The evidence firmly supports me – its sad and explicitly irrelevant to use a celebration of womens’ achievement in the law to criticise men.

If I’m studying for exams and you’re not it makes the beating you’re taking in this argument even worse.

Anon

Stamp, stamp, stamp!

Back to your revision!

Anonymous

Yes, it’s true – its sad and explicitly irrelevant to use a celebration of womens’ achievement in the law to criticise men.

Hi

And anyway, the problem is women in the profession deciding to marry rich men, having children and then, heaven forbid, deciding they want to work less because they don’t need or want the money. And Lady Arden came from a family of multi-generational lawyers, so she can hardly talk about social mobility issues.

101 years?

Is it just 100 years now?! I was under the impression this was all done and dusted last year.

(5)(2)

Anon

Nope, it’s today.

(2)(0)

Happy Housewife

Gave up the Bar to spend more time raising my children.

No more sexual harassment, getting screamed at by senior members of chambers or bullied by the childless and unmarried alcoholic ones.

You couldn’t pay me enough to go back.

(18)(5)

Anonymous

It’s just as bad for women!

(3)(1)

Dodgeball Champ

Sorry you were not successful and decided to throw in the towel. Good luck watching This Morning.

(1)(2)

Anonymous

People leave the bar for all sorts of reasons – ‘giving up’ isn’t usually one of them. Gender discrimination isn’t either, although it is overstated as a reason why people leave.

(2)(1)

Joe Mwangi

Women lawyers most understood.Time to put record is now.

(0)(0)

Anne-Lize Lourens

What an achievement for women in our profession. I’ve been part of the bar for 14 years now as a female practitioner and love how things have beautifully developed over these years. Proud to be part of this amazing history and looking forward to the next 100 years. Salute to women empowerment 🥂

(6)(8)

Lucy

What an achievement and I joined the profession this year itself. 🎉💃

(2)(4)

Anonymous

Life becomes so much simpler the second you realise just how much women hate other women.

They don’t actually care about the struggles of other women. They just pretend to, so that they personally benefit.

No-one hates a young woman trying to enter the profession more than an older woman already established in the profession.

(29)(9)

Tywin

Anyone who must say “I am a Feminist” is no true Feminist.

(7)(1)

Lord Harley

It is also very difficult to make a go at it as a disabled, titled, educated and broadly experienced solicitor advocate.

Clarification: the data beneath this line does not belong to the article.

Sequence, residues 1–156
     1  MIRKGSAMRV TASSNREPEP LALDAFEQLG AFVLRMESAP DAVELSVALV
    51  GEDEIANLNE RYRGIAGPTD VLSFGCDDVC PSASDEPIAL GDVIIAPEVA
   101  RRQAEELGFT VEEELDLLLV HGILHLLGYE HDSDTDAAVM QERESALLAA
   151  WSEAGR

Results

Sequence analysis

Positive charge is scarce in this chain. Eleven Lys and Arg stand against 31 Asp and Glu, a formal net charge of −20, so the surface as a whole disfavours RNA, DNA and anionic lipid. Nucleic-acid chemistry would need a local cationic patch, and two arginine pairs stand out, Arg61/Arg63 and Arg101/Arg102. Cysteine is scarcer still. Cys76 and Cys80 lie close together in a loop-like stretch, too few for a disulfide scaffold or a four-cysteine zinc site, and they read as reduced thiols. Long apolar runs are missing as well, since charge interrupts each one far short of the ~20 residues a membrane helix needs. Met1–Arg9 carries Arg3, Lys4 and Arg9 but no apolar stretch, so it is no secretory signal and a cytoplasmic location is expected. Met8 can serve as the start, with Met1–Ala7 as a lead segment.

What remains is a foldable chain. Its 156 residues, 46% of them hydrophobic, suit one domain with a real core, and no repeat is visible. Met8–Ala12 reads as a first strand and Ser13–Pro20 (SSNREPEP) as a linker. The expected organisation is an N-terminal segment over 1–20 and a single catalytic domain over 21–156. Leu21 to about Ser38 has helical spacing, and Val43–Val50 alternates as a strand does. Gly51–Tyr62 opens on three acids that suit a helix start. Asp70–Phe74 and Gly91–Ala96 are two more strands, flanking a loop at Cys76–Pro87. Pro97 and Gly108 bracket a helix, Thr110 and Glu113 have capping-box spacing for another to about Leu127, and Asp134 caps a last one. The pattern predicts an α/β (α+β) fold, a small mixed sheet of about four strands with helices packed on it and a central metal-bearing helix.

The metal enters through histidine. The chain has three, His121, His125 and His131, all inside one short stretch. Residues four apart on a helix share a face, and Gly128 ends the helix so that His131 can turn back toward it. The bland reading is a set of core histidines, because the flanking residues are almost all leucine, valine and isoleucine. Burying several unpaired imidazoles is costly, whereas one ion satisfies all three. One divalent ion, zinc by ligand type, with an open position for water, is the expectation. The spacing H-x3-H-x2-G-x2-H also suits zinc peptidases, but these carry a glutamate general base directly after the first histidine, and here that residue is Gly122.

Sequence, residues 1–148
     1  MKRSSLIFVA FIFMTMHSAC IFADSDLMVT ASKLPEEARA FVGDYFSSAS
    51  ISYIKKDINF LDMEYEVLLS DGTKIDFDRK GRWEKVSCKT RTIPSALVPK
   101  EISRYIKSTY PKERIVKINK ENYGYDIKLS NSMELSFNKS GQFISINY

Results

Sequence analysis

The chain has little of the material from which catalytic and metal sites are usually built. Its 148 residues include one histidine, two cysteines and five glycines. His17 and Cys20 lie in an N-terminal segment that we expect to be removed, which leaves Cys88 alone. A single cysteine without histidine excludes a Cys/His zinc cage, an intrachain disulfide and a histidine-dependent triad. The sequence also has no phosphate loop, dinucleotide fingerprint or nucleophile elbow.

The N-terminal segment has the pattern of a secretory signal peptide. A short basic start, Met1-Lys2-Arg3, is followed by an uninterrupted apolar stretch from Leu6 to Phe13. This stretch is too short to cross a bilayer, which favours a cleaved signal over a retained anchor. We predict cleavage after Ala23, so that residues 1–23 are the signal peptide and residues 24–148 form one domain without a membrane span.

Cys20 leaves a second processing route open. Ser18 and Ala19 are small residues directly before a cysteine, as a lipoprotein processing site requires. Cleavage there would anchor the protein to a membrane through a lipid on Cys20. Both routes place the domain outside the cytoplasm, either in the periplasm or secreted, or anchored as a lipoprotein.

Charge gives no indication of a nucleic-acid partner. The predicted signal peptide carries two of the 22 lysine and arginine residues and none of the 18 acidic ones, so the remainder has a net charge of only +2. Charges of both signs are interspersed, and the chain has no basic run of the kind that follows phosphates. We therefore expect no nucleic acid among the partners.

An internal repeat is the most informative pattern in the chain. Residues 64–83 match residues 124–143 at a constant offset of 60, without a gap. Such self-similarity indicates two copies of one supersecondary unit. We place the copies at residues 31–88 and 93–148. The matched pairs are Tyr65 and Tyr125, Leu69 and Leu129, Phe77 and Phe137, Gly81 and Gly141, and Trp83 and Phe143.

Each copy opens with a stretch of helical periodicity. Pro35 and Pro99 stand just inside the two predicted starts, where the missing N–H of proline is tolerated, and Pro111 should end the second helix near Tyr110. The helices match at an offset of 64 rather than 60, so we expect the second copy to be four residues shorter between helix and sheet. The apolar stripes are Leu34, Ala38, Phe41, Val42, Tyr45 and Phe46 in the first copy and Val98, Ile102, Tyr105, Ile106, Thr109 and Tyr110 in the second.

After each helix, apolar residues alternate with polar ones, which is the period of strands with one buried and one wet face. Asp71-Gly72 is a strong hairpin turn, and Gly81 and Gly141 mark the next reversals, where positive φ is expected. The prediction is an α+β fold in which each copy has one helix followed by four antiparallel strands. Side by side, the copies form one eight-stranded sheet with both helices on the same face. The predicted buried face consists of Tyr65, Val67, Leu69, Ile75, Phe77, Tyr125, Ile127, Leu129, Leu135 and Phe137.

(14)(0)

Adam

Excellent article. This is amazing progress – going from an all white male to a more inclusive, diverse and majority female profession.

(11)(4)

Anonymous

Still a lot to be done with regards to inclusion and diversity though in areas other than gender.

Is a move towards a ‘majority female’ profession really amazing progress? It doesn’t sound very diverse. While this may be the agenda for some I would have thought true progress and diversity would mean equality of ability-based opportunity.

(3)(0)

Anon

Agreed. It should be about merit. We don’t need any other drivers. The public deserve the best. And if that is to be offered by a woman who went to the local comprehensive school, then so be it.

(9)(0)

Anonymous

Indeed. Or a man who went to the local comprehensive school.

(0)(0)

N Struct

Though with a judiciary heavily geared to white male public school types, it makes rational sense to pick a white, male, public school educated barrister for representation, all other things being equal. Diversity is great for other people’s cases.

(3)(0)

Anonymous

And white female public school types.

Anon

Great. Now we need a similar ‘movement’ addressing the nepotism in law (particularly at the bar).

(7)(0)

Anon

I fail to see how women being allowed to be stressed, overworked, forced to deal with unreasonable clients, idiot solicitors and god-awful colleagues, all for a paycheque that will come to late to pay rent and be drained away by chamber fees and taxes, is a good thing. I support female empowerment and all but the bar is not worth it. If you care about women you’ll want less of them here. I assure you it’s for their own good.

(3)(8)

Anonymous

Same for men.

It’s the Bar and the industry that needs to change for everyone, not just one group. That’s the way to diversity and empowerment.

(2)(3)

Whig

For a profession made up of self-employed individuals, why does diversity matter?

(1)(0)

Anonymous

It matters if it benefits the public.

(3)(1)

Comments are closed.